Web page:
For app stores, they will only stick around if they make a profit. I would like to see developers and users boycott third party stores in an effort to avoid confusion, make these stores unprofitable and ultimately fail. Thanks to Amazon MP3 being pre-installed on my Droid, I will NEVER by ANYTHING from Amazon on my phone.
     
  3. faugusztin

    faugusztin Well-Known Member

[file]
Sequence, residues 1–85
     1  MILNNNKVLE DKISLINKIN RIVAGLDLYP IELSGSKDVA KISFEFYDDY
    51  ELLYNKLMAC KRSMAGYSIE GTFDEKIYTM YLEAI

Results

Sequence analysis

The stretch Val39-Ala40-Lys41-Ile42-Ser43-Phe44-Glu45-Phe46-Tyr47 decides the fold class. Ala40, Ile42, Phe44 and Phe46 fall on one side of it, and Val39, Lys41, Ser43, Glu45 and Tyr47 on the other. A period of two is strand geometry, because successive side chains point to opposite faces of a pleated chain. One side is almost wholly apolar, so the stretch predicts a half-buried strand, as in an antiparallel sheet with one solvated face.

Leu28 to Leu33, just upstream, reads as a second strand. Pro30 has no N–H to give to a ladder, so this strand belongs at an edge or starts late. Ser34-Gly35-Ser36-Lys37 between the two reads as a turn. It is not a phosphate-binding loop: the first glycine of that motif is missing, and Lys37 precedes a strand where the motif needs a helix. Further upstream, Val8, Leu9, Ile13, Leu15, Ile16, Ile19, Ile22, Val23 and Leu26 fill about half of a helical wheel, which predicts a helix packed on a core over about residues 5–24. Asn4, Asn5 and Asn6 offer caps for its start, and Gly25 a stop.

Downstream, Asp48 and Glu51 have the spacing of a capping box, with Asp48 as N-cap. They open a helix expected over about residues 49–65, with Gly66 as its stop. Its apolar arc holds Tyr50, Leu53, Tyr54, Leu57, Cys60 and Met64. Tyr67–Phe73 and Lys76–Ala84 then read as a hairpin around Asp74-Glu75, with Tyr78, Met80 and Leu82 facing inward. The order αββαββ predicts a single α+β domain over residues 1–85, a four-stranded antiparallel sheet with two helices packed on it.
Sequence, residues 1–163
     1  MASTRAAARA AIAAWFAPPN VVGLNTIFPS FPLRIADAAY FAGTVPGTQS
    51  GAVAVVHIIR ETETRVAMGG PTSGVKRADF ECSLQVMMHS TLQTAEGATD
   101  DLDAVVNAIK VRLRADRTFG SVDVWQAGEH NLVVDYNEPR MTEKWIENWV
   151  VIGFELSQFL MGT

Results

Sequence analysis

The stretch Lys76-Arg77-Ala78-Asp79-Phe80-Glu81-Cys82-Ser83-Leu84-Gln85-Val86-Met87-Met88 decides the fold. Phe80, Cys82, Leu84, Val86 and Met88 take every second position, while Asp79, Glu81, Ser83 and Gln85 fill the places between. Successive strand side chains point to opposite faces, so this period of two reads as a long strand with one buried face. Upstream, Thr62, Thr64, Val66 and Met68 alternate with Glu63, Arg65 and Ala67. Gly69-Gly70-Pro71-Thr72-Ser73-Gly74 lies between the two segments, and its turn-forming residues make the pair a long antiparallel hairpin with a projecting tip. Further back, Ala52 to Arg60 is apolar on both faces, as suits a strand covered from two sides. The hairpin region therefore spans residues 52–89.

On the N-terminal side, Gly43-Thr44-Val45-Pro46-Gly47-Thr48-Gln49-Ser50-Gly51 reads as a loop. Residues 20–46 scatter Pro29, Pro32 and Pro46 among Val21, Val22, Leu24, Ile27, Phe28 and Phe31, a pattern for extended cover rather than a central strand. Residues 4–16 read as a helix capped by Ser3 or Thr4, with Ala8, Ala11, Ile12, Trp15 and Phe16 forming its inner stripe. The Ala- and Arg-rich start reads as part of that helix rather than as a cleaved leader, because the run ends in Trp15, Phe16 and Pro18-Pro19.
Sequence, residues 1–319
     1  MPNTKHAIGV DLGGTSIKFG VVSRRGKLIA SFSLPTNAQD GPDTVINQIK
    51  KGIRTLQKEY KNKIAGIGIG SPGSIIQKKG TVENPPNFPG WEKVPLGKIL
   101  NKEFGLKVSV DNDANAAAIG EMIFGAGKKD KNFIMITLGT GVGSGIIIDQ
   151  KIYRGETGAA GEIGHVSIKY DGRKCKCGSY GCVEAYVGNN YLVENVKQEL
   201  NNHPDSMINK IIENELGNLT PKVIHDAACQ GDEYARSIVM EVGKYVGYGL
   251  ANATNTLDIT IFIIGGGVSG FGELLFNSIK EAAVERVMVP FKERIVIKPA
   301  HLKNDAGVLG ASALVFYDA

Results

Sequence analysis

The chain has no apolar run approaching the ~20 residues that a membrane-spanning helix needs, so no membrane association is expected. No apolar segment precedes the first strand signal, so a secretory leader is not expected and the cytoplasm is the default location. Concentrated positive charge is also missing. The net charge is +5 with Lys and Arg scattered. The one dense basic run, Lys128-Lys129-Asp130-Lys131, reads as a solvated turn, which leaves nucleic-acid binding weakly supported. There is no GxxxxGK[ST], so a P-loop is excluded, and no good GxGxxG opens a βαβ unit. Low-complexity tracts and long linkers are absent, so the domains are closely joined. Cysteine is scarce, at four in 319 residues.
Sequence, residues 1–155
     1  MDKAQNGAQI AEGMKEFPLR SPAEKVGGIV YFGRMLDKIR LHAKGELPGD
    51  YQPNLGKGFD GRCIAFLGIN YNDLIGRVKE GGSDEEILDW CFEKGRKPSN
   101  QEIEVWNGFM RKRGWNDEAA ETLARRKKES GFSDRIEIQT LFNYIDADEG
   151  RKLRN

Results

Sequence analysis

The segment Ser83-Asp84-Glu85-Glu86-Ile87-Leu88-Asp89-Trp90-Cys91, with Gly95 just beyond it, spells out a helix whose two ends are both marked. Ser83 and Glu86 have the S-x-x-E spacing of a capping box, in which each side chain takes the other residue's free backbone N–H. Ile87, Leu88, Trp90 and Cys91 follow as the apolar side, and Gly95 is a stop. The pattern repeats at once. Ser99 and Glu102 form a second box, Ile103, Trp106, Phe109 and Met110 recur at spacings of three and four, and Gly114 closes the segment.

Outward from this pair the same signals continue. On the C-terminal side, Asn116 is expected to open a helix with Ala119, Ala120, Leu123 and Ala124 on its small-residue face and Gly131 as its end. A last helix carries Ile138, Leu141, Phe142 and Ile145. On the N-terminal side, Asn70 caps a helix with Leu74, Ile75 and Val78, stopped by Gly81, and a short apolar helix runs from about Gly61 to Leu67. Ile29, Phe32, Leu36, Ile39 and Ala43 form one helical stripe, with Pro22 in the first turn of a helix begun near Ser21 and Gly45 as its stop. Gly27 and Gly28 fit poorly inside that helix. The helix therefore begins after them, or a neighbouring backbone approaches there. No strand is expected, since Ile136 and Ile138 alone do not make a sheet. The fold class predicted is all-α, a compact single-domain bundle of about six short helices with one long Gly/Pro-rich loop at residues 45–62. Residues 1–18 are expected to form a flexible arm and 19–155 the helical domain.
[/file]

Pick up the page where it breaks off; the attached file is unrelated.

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    Fragmentation is overrated. In reality, you get usually just three categories of apps - targetted for Android 1.5, 1.6 or 2.x. And apps which needs higher android version will not show up on lower end devices (read Android <2.1) - which according to Google Market stats makes up less than 30% of all devices. If you target 2.1 platform, over 70% of devices having access to market will have no problems running them. So once again, what fragmentation ? You got 12% of Android 1.5, 17.5% of Android 1.6 and 70.4% of Android 2.1 or higher. The numbers of 1.5/1.6 devices will slowly fade away, either because SE X10 will finally move from 1.6 to 2.1 or because people will upgrade, so i expect a sub-10% number for 1.x devices aroud May 2011. So 1.x won't be a platform to target anymore. Also most of 2.1 devices will get upgrade to 2.2. (Motorola Milestone for example), so number of people stuck at 2.1 will also go lower because of migration to 2.2, while also increasing because of the stupid SE X10. So numbers of 2.1 will probably decrease by 10-20% till half of the next year, the rest will be 2.2 or 3.0. 10% of 1.x (not important anymore), 20-30% of 2.1, and the rest will be either 2.2 or 3.0. So in reality you will get two platforms - 2.x (because no one will target 2.2 if they can target 2.1 unless they really need the functionality from 2.2) and 3.x. That's it - in reality in next year you will have 2 Android platforms.